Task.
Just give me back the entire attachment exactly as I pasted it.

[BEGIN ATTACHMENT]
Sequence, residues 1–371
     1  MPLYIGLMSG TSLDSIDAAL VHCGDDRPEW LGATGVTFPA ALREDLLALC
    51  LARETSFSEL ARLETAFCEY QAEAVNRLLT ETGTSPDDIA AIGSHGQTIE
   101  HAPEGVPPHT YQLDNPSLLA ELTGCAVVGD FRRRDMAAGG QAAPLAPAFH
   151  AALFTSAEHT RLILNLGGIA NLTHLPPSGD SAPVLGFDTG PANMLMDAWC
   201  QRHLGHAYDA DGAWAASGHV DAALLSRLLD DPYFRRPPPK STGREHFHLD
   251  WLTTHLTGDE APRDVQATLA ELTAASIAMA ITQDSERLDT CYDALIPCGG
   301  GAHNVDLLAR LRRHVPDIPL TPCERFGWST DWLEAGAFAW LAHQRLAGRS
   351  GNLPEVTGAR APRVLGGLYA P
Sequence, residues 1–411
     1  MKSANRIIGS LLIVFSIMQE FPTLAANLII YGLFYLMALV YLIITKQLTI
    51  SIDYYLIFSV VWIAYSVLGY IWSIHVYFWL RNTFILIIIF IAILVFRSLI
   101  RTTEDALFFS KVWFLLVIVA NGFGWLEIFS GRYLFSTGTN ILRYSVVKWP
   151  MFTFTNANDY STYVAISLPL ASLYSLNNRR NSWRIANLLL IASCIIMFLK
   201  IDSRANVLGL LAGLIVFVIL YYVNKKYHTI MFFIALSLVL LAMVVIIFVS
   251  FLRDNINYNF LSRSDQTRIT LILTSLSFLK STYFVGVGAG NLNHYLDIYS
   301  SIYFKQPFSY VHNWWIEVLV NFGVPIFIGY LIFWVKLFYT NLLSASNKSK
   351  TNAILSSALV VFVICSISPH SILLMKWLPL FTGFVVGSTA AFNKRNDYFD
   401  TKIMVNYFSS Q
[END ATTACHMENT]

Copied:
Sequence, residues 1–371
     1  MPLYIGLMSG TSLDSIDAAL VHCGDDRPEW LGATGVTFPA ALREDLLALC
    51  LARETSFSEL ARLETAFCEY QAEAVNRLLT ETGTSPDDIA AIGSHGQTIE
   101  HAPEGVPPHT YQLDNPSLLA ELTGCAVVGD FRRRDMAAGG QAAPLAPAFH
   151  AALFTSAEHT RLILNLGGIA NLTHLPPSGD SAPVLGFDTG PANMLMDAWC
   201  QRHLGHAYDA DGAWAASGHV DAALLSRLLD DPYFRRPPPK STGREHFHLD
   251  WLTTHLTGDE APRDVQATLA ELTAASIAMA ITQDSERLDT CYDALIPCGG
   301  GAHNVDLLAR LRRHVPDIPL TPCERFGWST DWLEAGAFAW LAHQRLAGRS
   351  GNLPEVTGAR APRVLGGLYA P
Sequence, residues 1–411
     1  MKSANRIIGS LLIVFSIMQE FPTLAANLII YGLFYLMALV YLIITKQLTI
    51  SIDYYLIFSV VWIAYSVLGY IWSIHVYFWL RNTFILIIIF IAILVFRSLI
   101  RTTEDALFFS KVWFLLVIVA NGFGWLEIFS GRYLFSTGTN ILRYSVVKWP
   151  MFTFTNANDY STYVAISLPL ASLYSLNNRR NSWRIANLLL IASCIIMFLK
   201  IDSRANVLGL LAGLIVFVIL YYVNKKYHTI MFFIALSLVL LAMVVIIFVS
   251  FLRDNINYNF LSRSDQTRIT LILTSLSFLK STYFVGVGAG NLNHYLDIYS
   301  SIYFKQPFSY VHNWWIEVLV NFGVPIFIGY LIFWVKLFYT NLLSASNKSK
   351  TNAILSSALV VFVICSISPH SILLMKWLPL FTGFVVGSTA AFNKRNDYFD
   401  TKIMVNYFSS Q